Five Differences Between Rural and Urban Drug Abuse

Five Differences Between Rural and Urban Drug Abuse

There are differences in how, why and which drugs are used depending on rural or urban locations

While growing addiction rates are a problem that affect all Americans, there are differences Californians should be aware of in how, why and which drugs are used. Environmentally-related drug use and treatment factors may be linked to urban or rural settings.

Race Differences Between Rural and Urban Drug Users

When the Substance Abuse and Mental Health Services Administration (SAMHSA) looked at the data surrounding addiction treatment admissions, they found that the race demographics of those seeking treatment changed between rural and urban settings. In rural settings admissions are less racially diverse, as 77 percent, more than three-quarters, of rural admissions involve non-Hispanic whites, while this demographic only accounts for 38 percent of urban admissions (“The TEDS Report: A Comparison of Rural and Urban Substance Abuse Treatment Admissions,” July 2012). Rural settings tend to be less racially diverse overall which accounts for much of these differences in admissions rates, but it also raises awareness of the need to share treatment information and access across all population demographics in California.

Age Differences Between Rural and Urban Drug Users

When reviewing treatment admissions, SAMHSA found, “Over one third of rural admissions (34.2 percent) were under the age of 26 compared to less than a quarter of urban admissions (23.5 percent).” Rural drug users tend to be younger than their urban counterparts or to seek treatment at a younger age, as those 50 or older made up 16 percent of urban treatment admissions but only 10.5 of those in the rural population. Seeking help sooner rather than later is associated with better treatment outcomes, so populations with a younger average age for seeking treatment may see better overall addiction treatment results. It is never too late to get addiction help, and recovery can be found at any age, but taking immediate action rather than delaying treatment is essential.

Different Drugs Used by Rural and Urban Drug Users

Rural users are more likely to use alcohol, marijuana and prescription opiates than their urban counterparts, while those in urban settings are more likely to use heroin and cocaine (SAMHSA). The discrepancy in opioid abuse rates is one area for concern, as the American Journal of Public Health shares, “Nonmedical prescription opioid misuse remains a growing public problem in need of action and is concentrated in areas of US states with large rural populations such as Kentucky, West Virginia, Alaska, and Oklahoma” (“Understanding the Rural–Urban Differences in Nonmedical Prescription Opioid Use and Abuse in the United States,” 2014). Prescription drug abuse is now considered an epidemic, and it is often concentrated in rural settings. Factors such as drug access, economic stressors and education may influence opioid abuse rates, and these inequalities and lack of information need to be acknowledged and addressed to prevent the continued spread of addiction in all communities.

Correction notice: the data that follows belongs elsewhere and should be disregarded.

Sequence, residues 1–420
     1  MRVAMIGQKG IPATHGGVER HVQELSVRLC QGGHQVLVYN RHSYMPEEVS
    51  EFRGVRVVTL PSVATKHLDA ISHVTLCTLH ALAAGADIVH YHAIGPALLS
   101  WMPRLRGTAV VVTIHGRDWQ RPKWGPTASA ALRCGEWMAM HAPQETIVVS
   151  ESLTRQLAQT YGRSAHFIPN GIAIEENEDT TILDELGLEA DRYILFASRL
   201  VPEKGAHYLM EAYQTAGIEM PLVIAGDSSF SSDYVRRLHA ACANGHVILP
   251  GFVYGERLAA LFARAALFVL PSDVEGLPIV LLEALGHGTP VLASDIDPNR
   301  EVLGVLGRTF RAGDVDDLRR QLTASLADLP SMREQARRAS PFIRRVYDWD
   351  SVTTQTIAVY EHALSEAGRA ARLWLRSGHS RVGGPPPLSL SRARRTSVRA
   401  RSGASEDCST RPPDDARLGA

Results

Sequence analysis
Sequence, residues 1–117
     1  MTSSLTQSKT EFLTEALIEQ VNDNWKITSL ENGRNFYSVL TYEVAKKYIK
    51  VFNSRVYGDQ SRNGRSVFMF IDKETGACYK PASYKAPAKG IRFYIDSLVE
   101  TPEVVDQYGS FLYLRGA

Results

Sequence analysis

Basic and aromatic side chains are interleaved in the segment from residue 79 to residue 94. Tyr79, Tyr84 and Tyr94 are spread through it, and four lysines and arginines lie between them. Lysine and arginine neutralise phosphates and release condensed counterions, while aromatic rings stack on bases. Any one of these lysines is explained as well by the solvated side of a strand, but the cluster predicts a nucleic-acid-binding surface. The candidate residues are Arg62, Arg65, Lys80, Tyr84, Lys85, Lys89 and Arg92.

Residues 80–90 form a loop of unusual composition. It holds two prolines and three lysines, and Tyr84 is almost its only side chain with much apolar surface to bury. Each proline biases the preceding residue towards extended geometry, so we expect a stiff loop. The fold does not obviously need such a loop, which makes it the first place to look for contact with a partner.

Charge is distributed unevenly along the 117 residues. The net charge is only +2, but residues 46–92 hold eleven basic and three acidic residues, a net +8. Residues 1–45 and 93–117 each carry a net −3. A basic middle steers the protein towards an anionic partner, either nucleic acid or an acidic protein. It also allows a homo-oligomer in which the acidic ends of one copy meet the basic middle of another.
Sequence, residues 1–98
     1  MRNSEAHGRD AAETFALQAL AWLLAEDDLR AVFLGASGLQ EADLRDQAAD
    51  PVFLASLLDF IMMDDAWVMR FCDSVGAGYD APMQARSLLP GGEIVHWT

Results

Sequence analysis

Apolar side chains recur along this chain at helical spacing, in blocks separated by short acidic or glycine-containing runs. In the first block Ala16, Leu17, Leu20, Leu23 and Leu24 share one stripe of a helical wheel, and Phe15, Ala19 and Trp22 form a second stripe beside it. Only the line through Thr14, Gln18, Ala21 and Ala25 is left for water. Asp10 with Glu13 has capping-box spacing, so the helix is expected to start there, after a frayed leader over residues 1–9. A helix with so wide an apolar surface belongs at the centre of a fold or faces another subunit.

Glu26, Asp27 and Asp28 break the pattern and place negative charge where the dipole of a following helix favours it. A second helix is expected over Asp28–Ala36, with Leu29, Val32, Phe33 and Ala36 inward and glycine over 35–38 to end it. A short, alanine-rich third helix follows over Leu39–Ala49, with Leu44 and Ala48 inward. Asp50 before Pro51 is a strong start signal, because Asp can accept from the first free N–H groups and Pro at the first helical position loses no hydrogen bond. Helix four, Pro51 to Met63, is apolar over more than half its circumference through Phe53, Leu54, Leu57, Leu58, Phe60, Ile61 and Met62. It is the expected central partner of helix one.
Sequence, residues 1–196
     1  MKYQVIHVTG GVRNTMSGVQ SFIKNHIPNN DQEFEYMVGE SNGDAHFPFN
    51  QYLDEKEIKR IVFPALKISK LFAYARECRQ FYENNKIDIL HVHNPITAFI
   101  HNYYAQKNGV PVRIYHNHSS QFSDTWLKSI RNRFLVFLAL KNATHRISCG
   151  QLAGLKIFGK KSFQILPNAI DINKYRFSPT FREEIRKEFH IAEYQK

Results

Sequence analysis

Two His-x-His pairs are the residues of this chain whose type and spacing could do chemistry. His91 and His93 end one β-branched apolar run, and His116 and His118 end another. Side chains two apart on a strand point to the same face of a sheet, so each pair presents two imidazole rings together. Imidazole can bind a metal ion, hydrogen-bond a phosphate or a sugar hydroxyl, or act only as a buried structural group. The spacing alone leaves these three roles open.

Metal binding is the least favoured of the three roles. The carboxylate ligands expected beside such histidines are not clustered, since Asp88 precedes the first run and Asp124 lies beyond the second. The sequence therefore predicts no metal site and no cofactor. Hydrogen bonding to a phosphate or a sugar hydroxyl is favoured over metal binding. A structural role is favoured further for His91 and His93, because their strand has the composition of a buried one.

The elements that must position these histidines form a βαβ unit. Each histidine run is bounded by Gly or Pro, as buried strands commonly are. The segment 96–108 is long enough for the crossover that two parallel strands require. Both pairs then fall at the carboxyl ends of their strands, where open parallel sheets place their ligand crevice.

Differences in Treatment Utilization between Urban and Rural Populations

The American Journal of Drug and Alcohol Abuse shares, “being from a very rural area decreased the likelihood of having ever been in treatment after controlling for the number of years using and race. While problem recognition appears to explain much of the effect of very rural residence on treatment utilization for alcohol abuse, the effects of being from a very rural area on treatment rates for drug abuse remain statistically significant even after controlling for several other variables” (“Rural-Urban Differences in Substance Use and Treatment Utilization among Prisoners,” 2001). Those in rural areas may not have the information about addiction or access to treatment resources that can be found in urban settings in California, and this lack of information directly affects individuals’ ability to utilize treatment.

Differences in Why Urban or Rural Populations Seek Treatment

SAMHSA explains, “Rural admissions were more likely than urban admissions to be referred by the criminal justice system (51.6 vs. 28.4 percent) and less likely to be self- or individually referred (22.8 vs. 38.7 percent).” This reflects previously stated differences in access to and awareness and utilization of treatment resources. However although rural treatment participants were more likely to be outwardly encouraged to attend treatment, setting, background and reason for treatment do not predict an individual’s recovery outcome. There is no wrong reason to seek treatment, and even those who feel they are sent against their will may benefit from professionally-run programs with strong motivational therapy elements. Rock bottom has long been a mythologized point addicts must reach before there is any hope of them getting better. However modern science and treatment are proving rock bottom can be raised and redefined.

Let our admissions coordinators find the recovery services that will benefit you or your addicted loved one in California. We can provide a free assessment to determine the treatment options that best meet your unique situation and offer the tools you need for a life of recovery. This may involve intervention or mediation resources, motivational therapy or demographic-specific care. There is no wrong time or reason to call. Anyone can break free from addiction. Let us help.

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